The great challenge of the modern era is the cultivation of kindness.
Today is a time of unprecedented material abundance.
But material abundance has not brought an end to poverty, or war, or madness, or hatred.
Material abundance is a base but never the ceiling of civilization.
Civilization is the degree of kindness amongst the people.
And spirituality is the ability to think and act kindly in the face of adversity, whether it be presented by others, by Nature, or by God.
Kindness is the ability to love someone without clinging, to give without expectation of reward and to radiate that highly attractive quality which comes from peace of mind and open heart.
Kindness is an old virtue. The ancient Sanskrit word for kindness is called maitrī, and in Buddhism, the word is mettā.
Many Buddhists believe that the cultivation of mettā is the essence of Buddhahood.
Kindness is a smile for no reason.
This is my simple religion. There is no need for temples; no need for complicated philosophy. Our own brain, our own heart is our temple; the philosophy is kindness. ~ The 14th Dalai Lama
Kindness is strength. Unwarranted aggression, hatred, selfishness: these acts come out of fear, out of weakness, out of vulnerability.
Kindness requires presence. Kindness requires discipline. Kindness requires an open heart.
Rare is the person who has fully cultivated these three qualities.
Kindness does not aggress, but kindness is not pacifism. Kindness requires love of self, and protection of self.
Thus, where appropriate, a kind man goes to war: never to conquer, but only to defend and protect.
Kindness, above all, gives courage, and in a time of a war the kind man is the bravest warrior.
And when the war is over, the kind man has the courage to put away arms and once again honor peace.
The prince who would become the Buddha was kshatriya: the warrior caste.
It is better to conquer yourself than to win a thousand battles. Then the victory is yours. It cannot be taken from you, not by angels or by demons, heaven or hell. ~ The Buddha
Kindness is what binds a society. When kindness is lacking, society falls apart.
There are great and pressing problems facing California, America, and the world more generally.
No solution will work if it is not based on kindness — kindness to oneself and to one another.
This is something no technology will be able to replicate.
This is an algorithm that no computer will be able to process.
Much has been created and developed in just a few lifetimes. But a true Golden Age will require the ethical and emotional advancement that comes with the cultivation of kindness.
It is honestly as easy as that.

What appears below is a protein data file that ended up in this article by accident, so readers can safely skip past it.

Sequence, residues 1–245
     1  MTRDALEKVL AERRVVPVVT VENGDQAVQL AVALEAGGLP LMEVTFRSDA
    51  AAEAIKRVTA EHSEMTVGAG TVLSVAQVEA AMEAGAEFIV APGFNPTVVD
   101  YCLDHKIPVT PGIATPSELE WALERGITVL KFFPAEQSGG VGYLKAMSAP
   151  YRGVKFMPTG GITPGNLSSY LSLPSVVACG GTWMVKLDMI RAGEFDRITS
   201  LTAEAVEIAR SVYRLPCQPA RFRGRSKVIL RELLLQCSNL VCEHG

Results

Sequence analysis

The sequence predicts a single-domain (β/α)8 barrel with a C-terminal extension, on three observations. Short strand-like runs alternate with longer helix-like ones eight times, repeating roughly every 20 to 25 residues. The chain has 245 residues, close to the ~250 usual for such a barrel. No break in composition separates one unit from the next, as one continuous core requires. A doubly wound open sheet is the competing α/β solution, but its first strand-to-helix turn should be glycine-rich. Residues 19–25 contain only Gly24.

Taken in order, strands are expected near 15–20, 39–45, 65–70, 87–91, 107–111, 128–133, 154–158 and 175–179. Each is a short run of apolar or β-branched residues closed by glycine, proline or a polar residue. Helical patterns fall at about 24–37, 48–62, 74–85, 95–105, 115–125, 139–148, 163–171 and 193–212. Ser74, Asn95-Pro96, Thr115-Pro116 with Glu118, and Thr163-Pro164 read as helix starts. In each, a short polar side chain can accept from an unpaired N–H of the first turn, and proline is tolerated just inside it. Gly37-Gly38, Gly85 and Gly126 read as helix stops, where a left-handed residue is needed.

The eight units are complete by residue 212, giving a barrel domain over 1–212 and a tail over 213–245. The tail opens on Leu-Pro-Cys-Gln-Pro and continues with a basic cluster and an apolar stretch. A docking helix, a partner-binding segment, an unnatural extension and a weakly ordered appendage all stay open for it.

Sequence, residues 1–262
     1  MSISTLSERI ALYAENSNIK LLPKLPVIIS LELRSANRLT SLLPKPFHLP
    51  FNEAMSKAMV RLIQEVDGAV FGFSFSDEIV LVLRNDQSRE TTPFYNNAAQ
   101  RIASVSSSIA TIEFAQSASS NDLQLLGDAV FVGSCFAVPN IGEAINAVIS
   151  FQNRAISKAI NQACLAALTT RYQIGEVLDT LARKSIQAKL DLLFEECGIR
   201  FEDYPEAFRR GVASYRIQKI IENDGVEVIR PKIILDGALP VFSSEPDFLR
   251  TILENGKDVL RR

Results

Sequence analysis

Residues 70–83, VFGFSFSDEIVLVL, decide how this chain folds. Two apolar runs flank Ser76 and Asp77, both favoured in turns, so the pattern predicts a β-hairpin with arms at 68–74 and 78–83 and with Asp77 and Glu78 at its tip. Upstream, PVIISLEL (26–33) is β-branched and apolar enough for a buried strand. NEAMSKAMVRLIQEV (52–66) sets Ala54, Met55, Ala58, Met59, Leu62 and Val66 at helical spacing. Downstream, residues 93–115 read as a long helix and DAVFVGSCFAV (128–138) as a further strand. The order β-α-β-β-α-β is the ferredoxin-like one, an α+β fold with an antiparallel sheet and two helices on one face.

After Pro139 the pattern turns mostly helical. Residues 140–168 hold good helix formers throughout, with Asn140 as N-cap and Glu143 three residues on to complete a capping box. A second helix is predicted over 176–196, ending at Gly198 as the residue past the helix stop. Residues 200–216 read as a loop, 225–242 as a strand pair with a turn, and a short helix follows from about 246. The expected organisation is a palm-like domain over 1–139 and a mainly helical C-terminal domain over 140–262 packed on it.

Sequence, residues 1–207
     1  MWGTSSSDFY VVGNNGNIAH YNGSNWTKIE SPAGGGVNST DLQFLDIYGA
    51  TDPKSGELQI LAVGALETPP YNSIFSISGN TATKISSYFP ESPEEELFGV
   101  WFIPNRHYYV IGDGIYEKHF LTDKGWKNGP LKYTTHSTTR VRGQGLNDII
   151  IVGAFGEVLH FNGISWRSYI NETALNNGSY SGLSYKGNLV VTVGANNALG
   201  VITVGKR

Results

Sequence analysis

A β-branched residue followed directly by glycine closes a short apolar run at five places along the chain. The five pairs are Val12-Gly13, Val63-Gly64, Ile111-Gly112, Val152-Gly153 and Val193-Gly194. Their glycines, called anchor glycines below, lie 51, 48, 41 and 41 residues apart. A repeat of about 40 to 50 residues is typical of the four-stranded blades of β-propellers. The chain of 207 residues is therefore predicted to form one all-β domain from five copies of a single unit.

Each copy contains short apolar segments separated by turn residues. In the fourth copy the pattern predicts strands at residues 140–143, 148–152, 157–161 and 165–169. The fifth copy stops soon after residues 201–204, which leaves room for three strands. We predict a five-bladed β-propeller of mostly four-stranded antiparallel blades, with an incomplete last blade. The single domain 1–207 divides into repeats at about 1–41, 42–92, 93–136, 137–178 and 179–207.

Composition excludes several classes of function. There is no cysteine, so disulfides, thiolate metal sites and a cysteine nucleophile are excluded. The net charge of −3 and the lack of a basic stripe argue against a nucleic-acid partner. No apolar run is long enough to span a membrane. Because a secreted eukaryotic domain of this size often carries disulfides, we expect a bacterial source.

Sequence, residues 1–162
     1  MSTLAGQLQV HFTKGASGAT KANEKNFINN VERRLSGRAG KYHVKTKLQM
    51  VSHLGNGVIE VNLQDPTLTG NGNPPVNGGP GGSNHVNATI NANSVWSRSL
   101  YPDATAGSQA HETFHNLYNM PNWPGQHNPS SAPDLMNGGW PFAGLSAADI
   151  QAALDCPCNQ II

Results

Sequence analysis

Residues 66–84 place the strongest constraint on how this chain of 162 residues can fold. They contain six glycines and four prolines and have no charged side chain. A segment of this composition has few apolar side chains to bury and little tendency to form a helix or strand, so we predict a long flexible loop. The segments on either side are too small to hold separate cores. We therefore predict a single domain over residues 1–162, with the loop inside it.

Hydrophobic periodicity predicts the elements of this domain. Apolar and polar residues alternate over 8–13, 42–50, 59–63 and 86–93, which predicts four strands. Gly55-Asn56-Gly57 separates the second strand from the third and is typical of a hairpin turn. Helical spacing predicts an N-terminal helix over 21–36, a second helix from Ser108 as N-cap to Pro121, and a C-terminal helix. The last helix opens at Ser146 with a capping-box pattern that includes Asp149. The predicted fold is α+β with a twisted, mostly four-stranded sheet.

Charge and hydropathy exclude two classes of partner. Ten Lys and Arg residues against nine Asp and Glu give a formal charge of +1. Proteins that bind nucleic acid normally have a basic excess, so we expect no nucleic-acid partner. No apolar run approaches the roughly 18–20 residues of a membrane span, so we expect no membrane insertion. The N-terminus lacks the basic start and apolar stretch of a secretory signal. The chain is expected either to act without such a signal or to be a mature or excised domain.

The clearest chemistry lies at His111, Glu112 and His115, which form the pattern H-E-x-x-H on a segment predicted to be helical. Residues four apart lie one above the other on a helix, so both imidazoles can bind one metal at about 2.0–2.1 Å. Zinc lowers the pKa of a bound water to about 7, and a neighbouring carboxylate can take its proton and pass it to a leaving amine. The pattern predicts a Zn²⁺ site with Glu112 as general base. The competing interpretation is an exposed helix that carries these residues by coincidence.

The path of Western history — the collapse of the Roman Empire, the subsequent dark ages, the Renaissance, the Enlightenment, and today’s modern technological explosion — leaves the impression that scientific progress moves in one direction.
But what if scientific development is not uni-directional?
Could it be the case that other cultures have focused on different types of sciences that may have little technological application, but were advanced in their own right?
Could it be the case that in addition to technological science, there exists a “science of the spirit”? A way of examining spiritual beliefs and enquiring into the nature of reality through the mind, and not through observation?
Westerners have a difficult time with this idea because so much of Western history is about the revolt of science against religious oppression.
During the Middle Ages, the Catholic Church played a significant role in halting scientific and rational thought, preventing free-thinkers from examining cadavers or in promoting alternative ideas about the nature of the Universe. Galileo was famously persecuted for his conclusion, now confirmed, that the Earth revolves around the Sun.
But religious oppression is not universal, and the oppression of the Church against free-thinking inquiry was very unique.
In the East, religion and spiritual belief formed a type of science – a real “science of the spirit” or “science of God”.
This science is based on the technique of meditation.
For countless aeons, people in the East have used meditation as a way of achieving spiritual transcendence as well as inquiring into the nature of reality. Indeed, these goals are one and the same.
In India, the religion of Hinduism is best understood as a set of philosophical and religious principles derived from people simply sitting down and meditating.
Over time, the discoveries and conclusions produced from these meditations were passed down and refined, coalescing into a larger ethical and religious system.